“Sometimes, people move to a neighborhood where the lots are big because they don’t want to have anything to do with their neighbors,” said Dan Sullivan, 47, a stay-at-home dad who has lived in Potomac Falls for three years. “It’s true that it’s private, physically speaking. But at the same time, there is a real palpable desire for social interaction, and a real cohesive, close knit-community, which we would not have anticipated before moving in.”
Sullivan is one of many Potomac Falls residents to tout the neighborhood’s many social events, which include get-togethers at nearby Old Angler’s Inn; informal potluck meals or coffee klatches at residents’ homes, and annual events sponsored by the Potomac Falls Homeowners Association such as the annual Fourth of July picnic, which is often attended by more than 200 people.
“When someone new moves in, it doesn’t take long for them to get to know their neighbors,” said Katie Clark Glasgow, 56, a senior financial adviser for Merrill Lynch who moved to the neighborhood with her husband, Glenn, in 1986. “There’s usually a knock on the door with brownies and an invitation to some of the social events we have going on.”
Glenn Glasgow, 55, first moved to the neighborhood at age 14, when his family bought one of the first houses built by W.C. & A.N. Miller. He said the sense of community in the 262-home neighborhood off Falls Road in Potomac has been present since the beginning, even if many of the houses are changing.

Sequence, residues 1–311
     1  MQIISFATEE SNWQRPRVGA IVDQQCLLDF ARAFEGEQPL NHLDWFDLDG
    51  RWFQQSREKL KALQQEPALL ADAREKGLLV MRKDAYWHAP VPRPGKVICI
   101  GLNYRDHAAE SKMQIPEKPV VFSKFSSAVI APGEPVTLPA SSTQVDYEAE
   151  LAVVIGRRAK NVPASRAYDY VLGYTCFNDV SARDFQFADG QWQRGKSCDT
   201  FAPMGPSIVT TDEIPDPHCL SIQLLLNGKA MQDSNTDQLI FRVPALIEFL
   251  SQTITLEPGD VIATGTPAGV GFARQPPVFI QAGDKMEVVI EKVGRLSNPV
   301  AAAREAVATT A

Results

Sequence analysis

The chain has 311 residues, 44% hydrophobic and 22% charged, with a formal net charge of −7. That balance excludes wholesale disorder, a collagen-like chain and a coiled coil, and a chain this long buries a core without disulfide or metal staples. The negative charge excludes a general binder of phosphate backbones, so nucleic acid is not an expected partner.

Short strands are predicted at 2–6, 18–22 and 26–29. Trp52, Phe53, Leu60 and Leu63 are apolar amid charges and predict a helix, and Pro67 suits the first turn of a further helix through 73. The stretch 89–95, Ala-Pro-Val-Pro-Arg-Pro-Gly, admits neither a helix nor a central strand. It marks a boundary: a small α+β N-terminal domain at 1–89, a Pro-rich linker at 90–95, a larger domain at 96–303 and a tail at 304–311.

“I recently talked to an older gentleman who lived near Potomac Falls when the first model home was built, and he says he told his wife, ‘We have to go over there and see what a $100,000 house looks like,’ ” said Glenn Glasgow, who owns a handyman business. “It’s funny to see people today building bigger, more magnificent homes to replace what I as a teenager viewed as the most magnificent homes I’d ever seen.”
Though some residents have torn down the neighborhood’s original houses — mostly brick Colonials or traditional farmhouse-style homes — some residents moved to Potomac Falls specifically because the houses were low-key and not ostentatious.
“We are very much against the McMansion-type look, and when we moved here from New Jersey 10 years ago, we found many of the neighborhoods in Virginia to be overbuilt,” said Ruth Suttle, 52, president of the Potomac Falls Homeowners Association. “Some friends suggested this neighborhood, and we felt a tremendous sense of relief to drive in and see the kind of simple, understated homes we were looking for.”